By Tim Montgomerie
It is still not clear who will be Australia's next Prime Minister. Conservative Tony Abbott looks likely to win one more MP than Australian Labor's Julia Gillard (73 to 72 in the 150 member chamber) but the balance of power is held by a maverick handful of independent-minded MPs. It is difficult to predict who they will choose to support and if their support will endure.
In a previous blog I noted that the overturning of Australian Labor's majority was:
(1) a huge upset (no first term, post-WW2 Australian government has lost its majority before); and
(2) a sign of the strength of Australia's conservatism (even Labor tacked markedly to the right on immigration, tax and family but still lost many seats).
We should not forget a third lesson; this was another defeat for climate change. Tom Switzer, Editor of The Spectator in Australia, reflects on this in the latest edition of the UK Spectator (not yet online):
"For years, the Aussie debate had been conducted in a heretic hunting environment: it was deemed blasphemy to dare question Labor’s grand ambitions to implement an economy-wide cap and trade scheme. Even many Cameron-style Liberals wanted to bow to Labor’s agenda. But Abbott bravely challenged this cozy consensus, reportedly describ- ing man-made global warming as ‘absolute crap’ and an emissions trading scheme (ETS) as ‘a great big tax to create a great big slush fund to provide politicised handouts, run by a giant bureaucracy’. At the time, commentators predicted that his ‘ill-judged’ opposition to the ETS would amount to ‘electoral oblivion’, a ‘politi- cal suicide mission’ and ‘the road to ruin’. If anything, it was a political godsend for con- servatives. Following the Copenhagen fiasco, and with the ETS beginning to look like an electoral liability, Labor apparatchiks went to water and postponed its introduction to 2013."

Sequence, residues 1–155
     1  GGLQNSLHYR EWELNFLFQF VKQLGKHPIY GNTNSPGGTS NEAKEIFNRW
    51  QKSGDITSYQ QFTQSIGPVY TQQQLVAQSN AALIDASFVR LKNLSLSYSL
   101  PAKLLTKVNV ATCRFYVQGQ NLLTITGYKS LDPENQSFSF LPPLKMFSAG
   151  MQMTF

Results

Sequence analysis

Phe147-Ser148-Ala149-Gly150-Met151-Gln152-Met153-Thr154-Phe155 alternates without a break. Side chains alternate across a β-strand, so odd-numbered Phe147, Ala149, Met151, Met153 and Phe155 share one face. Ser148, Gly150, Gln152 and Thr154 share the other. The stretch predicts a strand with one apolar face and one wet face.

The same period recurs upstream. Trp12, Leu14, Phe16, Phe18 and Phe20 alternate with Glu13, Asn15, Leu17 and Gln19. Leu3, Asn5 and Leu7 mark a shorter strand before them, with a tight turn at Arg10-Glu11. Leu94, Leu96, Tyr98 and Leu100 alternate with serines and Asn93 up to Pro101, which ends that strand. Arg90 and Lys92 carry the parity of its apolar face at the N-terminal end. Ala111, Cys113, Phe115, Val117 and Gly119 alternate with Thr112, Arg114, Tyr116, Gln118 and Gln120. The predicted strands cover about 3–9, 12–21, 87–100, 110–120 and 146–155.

This is only the latest setback for climate change policy in the developed world…
CANADA: The biggest previous electoral defeat was in Canada where the opposition Liberal Party was heavily punished for its green taxes plan.
USA: Barack Obama has had to abandon plans for a cap and trade scheme despite his party controlling both houses of Congress. This means the reform is effectively dead in the water given the more sceptical Republicans are expected to make big gains in November's mid-term elections.
UK: In Britain the environment played almost no role in May's General Election and the Coalition has sent mixed signals on climate change since coming to power. The Telegraph blogged that George Osborne's Budget hardly contained any green measures and The Guardian recently reported a likely U-turn from Chris Huhne, Climate change minister, on "dirty" coal-fired power.
FRANCE, ITALY AND SPAIN: Outside of the Anglosphere – as summarised here – we've seen France cancel its carbon tax and Italy and Spain end financial guarantees for the expensive renewables industry.
If the 'rich' world won't make sacrifices for climate change (and we must not forget that Kyoto targets were repeatedly missed during the long years of economic boom and despite the export of industrial capacity) it is unreasonable to expect the energy-poor developing world to do so.
The environment can and should still be an important party of global conservatism. Protection of endangered species, recycling, energy conservation, planting of trees, cleaning rivers and limiting air pollution have all been championed by right-of-centre parties over the decades. It is these micro-environmental measures rather than economically destructive, unilateral and ineffective climate change legislation that must be the core of 'blue environmentalism'.